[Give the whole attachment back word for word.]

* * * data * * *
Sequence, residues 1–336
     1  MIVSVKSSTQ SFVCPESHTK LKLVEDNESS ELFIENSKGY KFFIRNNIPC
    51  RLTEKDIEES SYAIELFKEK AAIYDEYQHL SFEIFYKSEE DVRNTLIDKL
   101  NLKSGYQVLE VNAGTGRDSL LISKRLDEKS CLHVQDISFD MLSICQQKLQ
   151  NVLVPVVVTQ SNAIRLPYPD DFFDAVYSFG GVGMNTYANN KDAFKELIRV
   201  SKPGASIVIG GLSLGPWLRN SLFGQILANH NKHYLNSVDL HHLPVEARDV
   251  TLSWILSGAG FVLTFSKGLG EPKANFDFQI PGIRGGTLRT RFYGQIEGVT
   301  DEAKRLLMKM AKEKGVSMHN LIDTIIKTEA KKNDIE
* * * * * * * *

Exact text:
Sequence, residues 1–336
     1  MIVSVKSSTQ SFVCPESHTK LKLVEDNESS ELFIENSKGY KFFIRNNIPC
    51  RLTEKDIEES SYAIELFKEK AAIYDEYQHL SFEIFYKSEE DVRNTLIDKL
   101  NLKSGYQVLE VNAGTGRDSL LISKRLDEKS CLHVQDISFD MLSICQQKLQ
   151  NVLVPVVVTQ SNAIRLPYPD DFFDAVYSFG GVGMNTYANN KDAFKELIRV
   201  SKPGASIVIG GLSLGPWLRN SLFGQILANH NKHYLNSVDL HHLPVEARDV
   251  TLSWILSGAG FVLTFSKGLG EPKANFDFQI PGIRGGTLRT RFYGQIEGVT
   301  DEAKRLLMKM AKEKGVSMHN LIDTIIKTEA KKNDIE